Before we begin, it's important to mention that the Honda Civic Safety Rating is a system that evaluates the vehicle's ability to remain safe during a car collision. The idea behind this type of rating is to give consumers an idea as to whether or not a specific Honda Civic is worth buying. Keep in mind, however, that the Honda Civic Safety Rating is not a replacement for being a careful driver! Despite the fact that the Civic has a very low profile, it is an extremely powerful vehicle and can be quite dangerous when involved in an accident. By purchasing a Civic with the correct safety features such as Honda Civic Safety Rating, you can help minimize the chance of having an accident in the first place.
Now that we have established what the Honda Civic Safety Rating is, let's take a look at how the system actually works. Your car will undergo a pre-crash evaluation in which the automobile is sent through its paces on the road. Every five hundred miles that the vehicle is driven, it will be monitored to observe how well it stays together throughout a collision.
In order for the system to be successful, it must be able to identify which side of the car is less likely to suffer damage in a collision. For instance, if you look at the Civic Safety Rating on the side of the vehicle just above the front air dam, you should notice that it does not list the roof or the top of the vehicle as being prone to damage in an accident. Instead, it lists the area of the driver's seat. This means that if you are sitting right behind the Civic and it crashes, the roof or top of the vehicle will not be pierced as they are considered safe areas by the system. This means that the Civic will most likely stay intact even if it were to suffer a full-frontal collision.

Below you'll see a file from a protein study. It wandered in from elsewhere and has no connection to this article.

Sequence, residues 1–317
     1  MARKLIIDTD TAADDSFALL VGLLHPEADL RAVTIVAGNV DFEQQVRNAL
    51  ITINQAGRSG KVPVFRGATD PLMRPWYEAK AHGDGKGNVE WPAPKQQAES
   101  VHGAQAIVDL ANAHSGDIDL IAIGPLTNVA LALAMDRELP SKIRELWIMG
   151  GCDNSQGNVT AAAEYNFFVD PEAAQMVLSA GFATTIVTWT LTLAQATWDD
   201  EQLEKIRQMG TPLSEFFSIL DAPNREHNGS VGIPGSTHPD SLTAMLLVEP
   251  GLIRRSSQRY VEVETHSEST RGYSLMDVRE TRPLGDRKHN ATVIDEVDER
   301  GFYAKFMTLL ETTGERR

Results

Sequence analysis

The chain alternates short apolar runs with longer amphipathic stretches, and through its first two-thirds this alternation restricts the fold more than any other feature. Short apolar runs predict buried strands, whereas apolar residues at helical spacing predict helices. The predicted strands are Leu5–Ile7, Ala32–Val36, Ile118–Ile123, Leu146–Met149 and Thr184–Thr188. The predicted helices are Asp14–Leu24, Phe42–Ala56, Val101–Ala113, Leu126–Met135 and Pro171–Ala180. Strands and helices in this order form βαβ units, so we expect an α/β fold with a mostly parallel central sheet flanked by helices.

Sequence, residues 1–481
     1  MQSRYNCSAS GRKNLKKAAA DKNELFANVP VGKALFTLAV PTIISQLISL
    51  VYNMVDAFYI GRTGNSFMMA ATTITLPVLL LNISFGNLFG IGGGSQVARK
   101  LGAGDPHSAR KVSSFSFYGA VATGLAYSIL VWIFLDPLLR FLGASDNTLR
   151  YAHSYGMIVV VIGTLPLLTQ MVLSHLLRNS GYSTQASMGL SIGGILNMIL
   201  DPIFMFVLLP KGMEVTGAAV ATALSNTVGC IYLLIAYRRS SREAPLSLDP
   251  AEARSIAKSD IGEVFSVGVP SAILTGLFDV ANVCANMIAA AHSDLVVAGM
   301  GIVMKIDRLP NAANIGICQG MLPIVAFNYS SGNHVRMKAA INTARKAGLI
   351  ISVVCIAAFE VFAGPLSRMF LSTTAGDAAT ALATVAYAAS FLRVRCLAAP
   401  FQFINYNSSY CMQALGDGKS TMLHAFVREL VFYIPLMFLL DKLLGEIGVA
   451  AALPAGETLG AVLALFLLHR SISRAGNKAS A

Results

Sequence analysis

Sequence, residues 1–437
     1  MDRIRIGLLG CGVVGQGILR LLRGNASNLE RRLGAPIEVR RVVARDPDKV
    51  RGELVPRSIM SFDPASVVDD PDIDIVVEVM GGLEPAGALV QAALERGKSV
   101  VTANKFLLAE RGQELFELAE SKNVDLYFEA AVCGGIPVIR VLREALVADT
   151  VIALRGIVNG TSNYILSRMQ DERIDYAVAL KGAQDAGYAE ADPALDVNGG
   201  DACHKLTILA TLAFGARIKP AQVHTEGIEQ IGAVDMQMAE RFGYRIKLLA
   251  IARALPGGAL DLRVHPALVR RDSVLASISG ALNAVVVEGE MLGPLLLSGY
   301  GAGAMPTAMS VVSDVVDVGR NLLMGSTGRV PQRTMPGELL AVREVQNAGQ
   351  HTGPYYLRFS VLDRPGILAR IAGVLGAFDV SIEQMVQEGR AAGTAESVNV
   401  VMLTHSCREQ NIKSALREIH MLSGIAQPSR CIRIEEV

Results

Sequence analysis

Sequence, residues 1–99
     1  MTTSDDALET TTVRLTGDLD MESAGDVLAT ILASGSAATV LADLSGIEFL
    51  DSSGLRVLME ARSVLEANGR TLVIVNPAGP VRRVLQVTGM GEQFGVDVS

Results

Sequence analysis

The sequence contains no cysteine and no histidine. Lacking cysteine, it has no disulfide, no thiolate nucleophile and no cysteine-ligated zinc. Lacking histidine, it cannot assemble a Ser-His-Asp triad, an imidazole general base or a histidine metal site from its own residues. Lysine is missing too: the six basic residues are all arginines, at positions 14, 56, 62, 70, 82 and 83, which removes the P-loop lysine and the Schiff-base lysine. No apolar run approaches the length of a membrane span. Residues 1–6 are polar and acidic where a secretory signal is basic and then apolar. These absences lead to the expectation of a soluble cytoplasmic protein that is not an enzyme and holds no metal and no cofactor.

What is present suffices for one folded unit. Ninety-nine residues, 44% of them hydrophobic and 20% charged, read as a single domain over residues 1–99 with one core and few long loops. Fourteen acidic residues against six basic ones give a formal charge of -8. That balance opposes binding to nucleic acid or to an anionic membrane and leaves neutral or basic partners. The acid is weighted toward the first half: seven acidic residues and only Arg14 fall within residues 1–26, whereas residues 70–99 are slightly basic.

The reason why the roof is not targeted in the Honda Civic Safety Rating system is because the Civic has one of the least high profile hoods on any type of vehicle. Many drivers consider the roof of the car as being safe even in a collision because it has been hit before and is relatively unnoticeable. However, if the roof were to break in an accident, the passengers inside would suffer the same fate. Therefore, the roof of the car would not be a target in the Honda Civic safety rating system.
Honda Civic safety ratings also do not consider the strength of the vehicle's roofing. Since the roof is one of the weakest components of a car, it is frequently ignored by drivers. Even though the Civic is a four-door passenger car, it only has one roof and is often easy to bring down during a crash. This means that the roof on the Honda Civic is not considered to be a very strong area of the car when it comes to preventing vehicle damage.
The Honda Civic Safety Rating system is based upon the driver's perception of the car's ability to stay stable in a crash. According to the system, the car should not flip over on top of the other vehicle or rollover in a way that could cause severe injury to the passengers. In order for the car to remain safe, the roof should not break or fly off during a crash. If the roof is considered to be weak, the rating system will assign it a lower value than what it should be in the first place.